It was taking antique furniture apart during the restoration process that led me to a desire to build pieces of my own design.
“Looking close up at the craftsmanship and joinery that went into each individual component of the whole piece made me want to recapture the bygone quality that is at the heart of the furniture making process.
Two hundred years is proof enough that a structure has integrity. This is the starting point of every piece of furniture I conceive.
As a student of sculpture at Pratt Institute, I fell in love with the forms found in the works of the modern masters, including Constantine Brancusi, Henry Moore, Alex Calder and others who released line and form from the stifling conventions of history. By honoring these pioneers and some of the master of furniture designing/making of the 20th century: Esherick, Breuer, Le Corbusier, Nakashima, Castle, Maloof among them, I fed a desire to create in a language that is my own.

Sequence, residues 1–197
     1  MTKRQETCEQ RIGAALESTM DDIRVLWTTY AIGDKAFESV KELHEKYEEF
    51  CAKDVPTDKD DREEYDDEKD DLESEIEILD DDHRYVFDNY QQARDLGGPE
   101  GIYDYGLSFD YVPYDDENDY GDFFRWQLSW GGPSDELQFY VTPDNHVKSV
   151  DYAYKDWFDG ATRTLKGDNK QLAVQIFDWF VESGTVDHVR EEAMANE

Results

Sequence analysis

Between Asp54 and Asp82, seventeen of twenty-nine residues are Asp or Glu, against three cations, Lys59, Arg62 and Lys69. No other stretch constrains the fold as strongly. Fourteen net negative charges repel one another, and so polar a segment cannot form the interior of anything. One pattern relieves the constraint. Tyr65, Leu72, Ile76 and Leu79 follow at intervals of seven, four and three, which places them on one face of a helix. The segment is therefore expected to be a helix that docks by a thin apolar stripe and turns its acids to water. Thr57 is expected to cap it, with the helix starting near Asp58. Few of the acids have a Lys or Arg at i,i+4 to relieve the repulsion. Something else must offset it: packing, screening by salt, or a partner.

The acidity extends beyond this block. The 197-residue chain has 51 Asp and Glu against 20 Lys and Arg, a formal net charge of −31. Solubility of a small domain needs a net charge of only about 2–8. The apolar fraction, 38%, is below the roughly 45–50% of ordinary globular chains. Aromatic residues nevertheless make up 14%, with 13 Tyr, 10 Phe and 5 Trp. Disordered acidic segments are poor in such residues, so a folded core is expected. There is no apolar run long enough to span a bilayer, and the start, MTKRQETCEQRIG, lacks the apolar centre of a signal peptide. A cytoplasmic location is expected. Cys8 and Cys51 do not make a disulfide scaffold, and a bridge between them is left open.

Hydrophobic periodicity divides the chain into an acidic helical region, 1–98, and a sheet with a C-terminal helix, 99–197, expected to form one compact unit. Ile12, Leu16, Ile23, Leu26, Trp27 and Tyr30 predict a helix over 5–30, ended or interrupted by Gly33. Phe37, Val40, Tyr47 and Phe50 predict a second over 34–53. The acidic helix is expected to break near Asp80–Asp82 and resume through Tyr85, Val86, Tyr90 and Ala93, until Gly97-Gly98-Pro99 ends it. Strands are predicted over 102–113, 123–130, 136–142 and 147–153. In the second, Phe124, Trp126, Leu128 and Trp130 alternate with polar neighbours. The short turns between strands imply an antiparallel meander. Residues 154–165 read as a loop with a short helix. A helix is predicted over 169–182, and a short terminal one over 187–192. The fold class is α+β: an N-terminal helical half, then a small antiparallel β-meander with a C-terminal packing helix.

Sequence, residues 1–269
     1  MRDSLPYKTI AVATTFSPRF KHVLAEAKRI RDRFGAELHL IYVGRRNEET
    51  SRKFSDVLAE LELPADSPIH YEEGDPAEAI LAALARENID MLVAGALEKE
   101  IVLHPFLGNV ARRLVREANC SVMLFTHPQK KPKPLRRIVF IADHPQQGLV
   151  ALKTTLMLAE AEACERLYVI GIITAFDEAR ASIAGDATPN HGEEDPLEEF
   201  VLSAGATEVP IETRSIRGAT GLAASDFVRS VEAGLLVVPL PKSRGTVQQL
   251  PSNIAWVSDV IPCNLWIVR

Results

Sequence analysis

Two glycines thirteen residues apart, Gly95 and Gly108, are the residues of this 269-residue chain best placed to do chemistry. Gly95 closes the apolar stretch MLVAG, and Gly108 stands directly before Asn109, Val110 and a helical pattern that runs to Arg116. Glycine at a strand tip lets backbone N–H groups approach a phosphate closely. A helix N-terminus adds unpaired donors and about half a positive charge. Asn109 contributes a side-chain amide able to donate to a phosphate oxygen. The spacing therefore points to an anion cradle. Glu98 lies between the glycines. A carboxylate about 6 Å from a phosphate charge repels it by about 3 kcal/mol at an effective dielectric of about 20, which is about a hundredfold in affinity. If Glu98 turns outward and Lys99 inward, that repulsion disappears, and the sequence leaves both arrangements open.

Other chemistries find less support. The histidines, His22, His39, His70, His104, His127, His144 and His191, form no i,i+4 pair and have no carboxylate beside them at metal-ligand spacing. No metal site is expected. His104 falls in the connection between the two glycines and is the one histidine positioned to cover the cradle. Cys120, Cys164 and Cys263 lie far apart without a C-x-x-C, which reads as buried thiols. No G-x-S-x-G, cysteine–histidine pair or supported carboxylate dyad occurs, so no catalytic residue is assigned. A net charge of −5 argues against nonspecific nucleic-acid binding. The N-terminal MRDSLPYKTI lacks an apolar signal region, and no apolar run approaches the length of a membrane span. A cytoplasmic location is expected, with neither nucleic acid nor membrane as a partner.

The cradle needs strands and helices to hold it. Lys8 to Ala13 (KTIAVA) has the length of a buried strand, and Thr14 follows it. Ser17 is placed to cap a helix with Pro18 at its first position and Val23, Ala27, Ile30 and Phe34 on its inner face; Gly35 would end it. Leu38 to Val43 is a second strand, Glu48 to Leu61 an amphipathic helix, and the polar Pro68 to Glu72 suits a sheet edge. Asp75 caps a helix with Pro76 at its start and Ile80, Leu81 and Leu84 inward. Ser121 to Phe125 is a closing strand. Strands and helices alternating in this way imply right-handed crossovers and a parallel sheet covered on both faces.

These artists taught me that design is a living art. It ebbs and flows, always changing in it’s details and refinements, while adhering to the fundamental elements of scale, balance and proportion. Pythagoras cited the “golden section” 2400 years ago!
Combine this with a profound respect for structure and ergonomics and this is what drives my design work. It is not enough to be merely elegant, nor elegant and sturdy. It must be elegant, sturdy and comfortable as well.
For example, a chair back angle, relative to the seat must fall within strict limits if it is to be supportive and relaxing to sit in. Haven’t we all sat upon lovely dining chairs that we could not get comfortable on? This and many other specifications are taken into account with the creation of each new design.
The result, I hope you will agree, is an object with timeless elegance and unparalleled comfort and convenience.